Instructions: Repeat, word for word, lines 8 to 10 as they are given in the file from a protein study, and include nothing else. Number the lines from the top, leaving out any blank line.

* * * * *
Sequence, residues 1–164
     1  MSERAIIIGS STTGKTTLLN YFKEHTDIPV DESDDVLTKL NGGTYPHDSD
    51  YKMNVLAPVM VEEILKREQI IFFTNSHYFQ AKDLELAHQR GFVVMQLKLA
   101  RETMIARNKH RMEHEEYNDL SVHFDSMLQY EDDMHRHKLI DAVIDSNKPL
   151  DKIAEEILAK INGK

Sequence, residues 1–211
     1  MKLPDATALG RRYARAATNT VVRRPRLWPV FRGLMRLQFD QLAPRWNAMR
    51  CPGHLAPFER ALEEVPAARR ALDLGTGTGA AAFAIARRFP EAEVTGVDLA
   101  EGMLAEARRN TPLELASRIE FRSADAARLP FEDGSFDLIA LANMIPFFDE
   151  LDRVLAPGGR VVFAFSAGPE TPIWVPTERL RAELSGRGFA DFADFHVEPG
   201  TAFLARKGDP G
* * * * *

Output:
    51  CPGHLAPFER ALEEVPAARR ALDLGTGTGA AAFAIARRFP EAEVTGVDLA
   101  EGMLAEARRN TPLELASRIE FRSADAARLP FEDGSFDLIA LANMIPFFDE
   151  LDRVLAPGGR VVFAFSAGPE TPIWVPTERL RAELSGRGFA DFADFHVEPG